The upshot of this argument is that normative or moral terms cannot be
analytically reduced to "natural" or non-moral terms. Expressivists
argue that the best explanation of this irreducibility is that moral
terms are not used to describe objects, but rather to evaluate them.
Many philosophers regard expressivists or noncognitivists as "the real
historical beneficiar[ies] of the open question argument."
Some moral realists maintain that a synthetic reduction of moral terms
to natural terms is possible. Other realists
(including Moore himself) have concluded that moral terms refer to
non-natural, sui generis properties or relations; but
non-naturalism is vulnerable to the argument from queerness (see
It is wrong to tell lies. If it is wrong to tell lies, then it is wrong to get your little brother to tell lies. Therefore, it is wrong to get your little brother to tell lies.
In the second statement the expressivist account appears to fail, in that the speaker asserting the hypothetical premise is expressing no moral position towards lying, condemnatory or otherwise. The expressivist thus cannot account for the meaning of moral language in this kind of unasserted context. This problem assumes that logic only applies to real truth values. Relativism objection and the argument from moral error Further information: Moral relativism Illocutionary act-intention argument Further information: Illocutionary act Terence Cuneo argues against expressivism by means of the following premise:
It is false that, in ordinary optimal conditions, when an agent performs the sentential act of sincerely uttering a moral sentence, that agent does not thereby intend to assert a moral proposition, but intends to express an attitude toward a non-moral state of affairs or object.
Proponents of expressivism are concerned to preserve the participants in ordinary moral thought and discourse from charges of deep error. But, Cuneo argues, there is evidence that many such participants do intend to represent a factual moral reality when they make moral judgments. Hence, if the expressivists are correct and moral language is not properly used to make factual, descriptive assertions, many participants in ordinary moral discourse are frustrated in their illocutionary act intentions. On these grounds it is argued that we should give up expressivism, unless the expressivists are to give up on their claim that expressivism is not an essentially revisionist view of moral thought and discourse. References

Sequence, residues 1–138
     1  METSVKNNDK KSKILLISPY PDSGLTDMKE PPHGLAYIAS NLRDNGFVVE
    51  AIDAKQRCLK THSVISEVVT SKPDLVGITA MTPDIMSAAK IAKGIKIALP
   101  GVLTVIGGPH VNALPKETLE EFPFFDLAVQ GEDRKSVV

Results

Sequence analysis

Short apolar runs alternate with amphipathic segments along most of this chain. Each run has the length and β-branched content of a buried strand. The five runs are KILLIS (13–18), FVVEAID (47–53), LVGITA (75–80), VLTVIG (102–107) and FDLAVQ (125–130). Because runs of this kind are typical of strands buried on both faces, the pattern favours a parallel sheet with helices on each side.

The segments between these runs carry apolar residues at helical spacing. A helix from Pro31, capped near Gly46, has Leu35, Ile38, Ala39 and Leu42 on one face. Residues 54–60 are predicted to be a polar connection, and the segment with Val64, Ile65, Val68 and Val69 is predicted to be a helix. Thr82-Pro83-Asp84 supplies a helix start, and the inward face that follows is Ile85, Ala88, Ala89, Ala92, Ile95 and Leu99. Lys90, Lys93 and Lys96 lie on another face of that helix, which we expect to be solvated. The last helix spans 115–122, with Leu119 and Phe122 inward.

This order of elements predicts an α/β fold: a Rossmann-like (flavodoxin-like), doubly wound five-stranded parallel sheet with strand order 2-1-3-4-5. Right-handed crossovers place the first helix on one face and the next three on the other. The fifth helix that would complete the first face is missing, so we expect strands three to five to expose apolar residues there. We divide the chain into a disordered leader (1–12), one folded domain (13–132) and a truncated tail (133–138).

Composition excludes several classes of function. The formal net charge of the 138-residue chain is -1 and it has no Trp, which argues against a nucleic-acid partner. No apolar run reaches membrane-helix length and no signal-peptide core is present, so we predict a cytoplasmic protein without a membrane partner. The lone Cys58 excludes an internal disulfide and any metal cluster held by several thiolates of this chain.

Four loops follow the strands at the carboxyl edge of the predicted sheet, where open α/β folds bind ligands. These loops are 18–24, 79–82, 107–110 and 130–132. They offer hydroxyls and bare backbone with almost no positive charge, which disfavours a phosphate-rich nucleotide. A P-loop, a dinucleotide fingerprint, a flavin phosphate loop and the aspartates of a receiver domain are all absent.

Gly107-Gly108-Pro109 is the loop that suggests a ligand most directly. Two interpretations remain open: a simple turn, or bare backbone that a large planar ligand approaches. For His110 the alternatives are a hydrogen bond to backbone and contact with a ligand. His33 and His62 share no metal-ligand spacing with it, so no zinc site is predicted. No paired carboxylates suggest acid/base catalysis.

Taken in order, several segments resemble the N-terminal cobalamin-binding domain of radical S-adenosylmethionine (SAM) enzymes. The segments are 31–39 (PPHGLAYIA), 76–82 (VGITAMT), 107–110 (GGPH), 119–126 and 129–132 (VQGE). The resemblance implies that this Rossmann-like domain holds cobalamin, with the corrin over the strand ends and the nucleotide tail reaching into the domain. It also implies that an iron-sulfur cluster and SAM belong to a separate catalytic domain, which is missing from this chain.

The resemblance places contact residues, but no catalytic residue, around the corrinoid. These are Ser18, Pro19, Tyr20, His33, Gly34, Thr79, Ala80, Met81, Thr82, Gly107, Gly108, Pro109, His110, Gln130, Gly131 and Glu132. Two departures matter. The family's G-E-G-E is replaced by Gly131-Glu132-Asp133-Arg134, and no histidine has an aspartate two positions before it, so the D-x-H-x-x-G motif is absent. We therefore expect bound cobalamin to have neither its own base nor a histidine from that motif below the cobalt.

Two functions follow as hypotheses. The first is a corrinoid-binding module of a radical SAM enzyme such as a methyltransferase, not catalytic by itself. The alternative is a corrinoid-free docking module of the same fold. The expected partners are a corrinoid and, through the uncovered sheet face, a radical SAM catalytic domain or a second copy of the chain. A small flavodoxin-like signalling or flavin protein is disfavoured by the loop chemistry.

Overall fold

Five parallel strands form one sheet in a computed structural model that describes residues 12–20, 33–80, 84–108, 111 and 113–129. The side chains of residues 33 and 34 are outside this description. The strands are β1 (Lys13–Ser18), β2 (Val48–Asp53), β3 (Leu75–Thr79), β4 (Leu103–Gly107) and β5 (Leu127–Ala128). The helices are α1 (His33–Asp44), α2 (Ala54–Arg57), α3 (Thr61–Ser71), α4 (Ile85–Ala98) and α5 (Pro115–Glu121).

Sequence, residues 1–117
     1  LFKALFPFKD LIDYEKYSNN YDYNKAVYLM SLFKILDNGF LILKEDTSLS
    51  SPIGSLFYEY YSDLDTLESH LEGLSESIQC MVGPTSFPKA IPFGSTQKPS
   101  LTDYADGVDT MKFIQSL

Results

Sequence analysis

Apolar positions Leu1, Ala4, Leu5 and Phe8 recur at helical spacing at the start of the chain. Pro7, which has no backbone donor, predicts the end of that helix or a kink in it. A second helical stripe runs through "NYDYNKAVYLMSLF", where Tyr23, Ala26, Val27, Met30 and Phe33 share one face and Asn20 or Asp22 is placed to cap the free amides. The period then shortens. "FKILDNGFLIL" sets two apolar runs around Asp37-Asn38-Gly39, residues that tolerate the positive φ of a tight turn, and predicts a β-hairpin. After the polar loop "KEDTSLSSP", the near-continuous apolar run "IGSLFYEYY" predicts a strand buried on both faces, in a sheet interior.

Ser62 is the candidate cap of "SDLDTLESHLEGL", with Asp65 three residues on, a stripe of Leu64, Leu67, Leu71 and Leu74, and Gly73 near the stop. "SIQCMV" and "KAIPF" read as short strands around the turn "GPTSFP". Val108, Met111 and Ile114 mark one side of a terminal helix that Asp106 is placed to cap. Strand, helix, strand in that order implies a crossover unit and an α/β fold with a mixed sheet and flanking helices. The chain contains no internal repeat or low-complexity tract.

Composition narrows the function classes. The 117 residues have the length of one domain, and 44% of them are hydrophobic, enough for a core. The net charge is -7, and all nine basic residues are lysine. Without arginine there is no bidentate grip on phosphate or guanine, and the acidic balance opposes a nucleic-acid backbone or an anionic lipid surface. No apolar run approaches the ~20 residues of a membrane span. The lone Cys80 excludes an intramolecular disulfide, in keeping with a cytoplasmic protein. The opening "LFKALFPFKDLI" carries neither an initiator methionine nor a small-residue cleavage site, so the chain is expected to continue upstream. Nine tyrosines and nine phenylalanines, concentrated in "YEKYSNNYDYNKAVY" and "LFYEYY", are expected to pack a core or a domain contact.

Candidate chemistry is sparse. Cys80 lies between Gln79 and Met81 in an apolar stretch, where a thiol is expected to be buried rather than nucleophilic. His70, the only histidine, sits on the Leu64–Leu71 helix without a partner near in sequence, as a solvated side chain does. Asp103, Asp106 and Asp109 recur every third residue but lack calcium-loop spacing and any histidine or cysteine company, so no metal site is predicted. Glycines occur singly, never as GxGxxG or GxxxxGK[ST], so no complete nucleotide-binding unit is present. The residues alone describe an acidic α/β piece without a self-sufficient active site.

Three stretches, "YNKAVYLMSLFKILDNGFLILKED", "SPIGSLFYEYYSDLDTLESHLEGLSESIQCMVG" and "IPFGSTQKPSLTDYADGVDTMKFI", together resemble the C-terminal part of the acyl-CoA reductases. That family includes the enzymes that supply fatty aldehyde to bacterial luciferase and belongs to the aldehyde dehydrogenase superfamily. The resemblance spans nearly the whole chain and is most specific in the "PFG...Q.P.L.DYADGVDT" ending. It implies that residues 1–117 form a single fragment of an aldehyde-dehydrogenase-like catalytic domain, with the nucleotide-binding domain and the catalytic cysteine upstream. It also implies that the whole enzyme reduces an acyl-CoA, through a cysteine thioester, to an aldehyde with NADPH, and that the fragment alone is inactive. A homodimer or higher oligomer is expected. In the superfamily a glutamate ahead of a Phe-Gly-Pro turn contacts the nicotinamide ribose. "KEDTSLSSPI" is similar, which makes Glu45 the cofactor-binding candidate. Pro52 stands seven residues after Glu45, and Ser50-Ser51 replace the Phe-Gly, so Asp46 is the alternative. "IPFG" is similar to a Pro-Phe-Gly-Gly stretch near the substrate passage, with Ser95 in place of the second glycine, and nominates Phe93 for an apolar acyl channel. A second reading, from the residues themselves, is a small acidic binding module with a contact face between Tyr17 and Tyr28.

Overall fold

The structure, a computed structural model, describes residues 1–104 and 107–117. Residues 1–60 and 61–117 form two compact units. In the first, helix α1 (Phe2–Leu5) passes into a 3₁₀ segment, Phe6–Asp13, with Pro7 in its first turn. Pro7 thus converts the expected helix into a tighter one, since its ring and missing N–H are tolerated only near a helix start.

^ Horgan & Timmons (2006c), pp. 220-221. ^ a b Horgan & Timmons (2006b), p. 86 ^ Horgan & Timmons (2006b), p. 75 ^ Timmons (1999), p. 154 ^ Blackburn (1998), pp. 50-51 ^ Ayer (1936) ^ van Roojen (2005), § 2.1 ^ Stevenson (1937) ^ Hare (1952) ^ van Roojen (2005), § 2.2 ^ Blackburn (1984, 1993, 1998) ^ Gibbard (1990) ^ Horgan & Timmons (2006a, 2006b, 2006c) ^ Horgan & Timmons (2006b), p. 76 ^ Darwall, Gibbard, and Railton (1997), p. 5 ^ Cuneo (2006), p. 67
Ayer, A. J. (1936). Language, Truth, and Logic. London:
Blackburn, Simon (1984). Spreading the Word. Oxford: Oxford University
Blackburn, Simon (1993). Essays in Quasi-Realism. Oxford: Oxford
Blackburn, Simon (1998). Ruling Passions. Oxford: Oxford University
Cuneo, Terence (2006). "Saying what we Mean", pp. 35-71 in Russ
Shafer-Landau, ed., Oxford Studies in Metaethics, vol. 1. Oxford:
Oxford University Press.
Darwall, Stephen, Gibbard, Allan, & Railton, Peter (1997). "Toward
Fin de siècle Ethics: Some Trends", pp. 3-47 in Stephen Darwall,
Allan Gibbard, and Peter Railton, Moral Discourse and Practice.
Oxford: Oxford University Press.
Gibbard, Allan (1990). Wise Choices, Apt Feelings. Cambridge, Mass.:
Harvard University Press.
Horgan, Terry & Timmons, Mark (2006a). "Cognitivist Expressivism",
pp. 255-298 in Terry Horgan and Mark Timmons, eds., Metaethics after
Moore. Oxford: Oxford University Press.
Horgan, Terry & Timmons, Mark (2006b). "Expressivism, Yes!
Relativism, No!", pp. 73-98 in Russ Shafer-Landau, ed., Oxford Studies
in Metaethics, vol. 1. Oxford: Oxford University Press.
Horgan, Terry & Timmons, Mark (2006c). "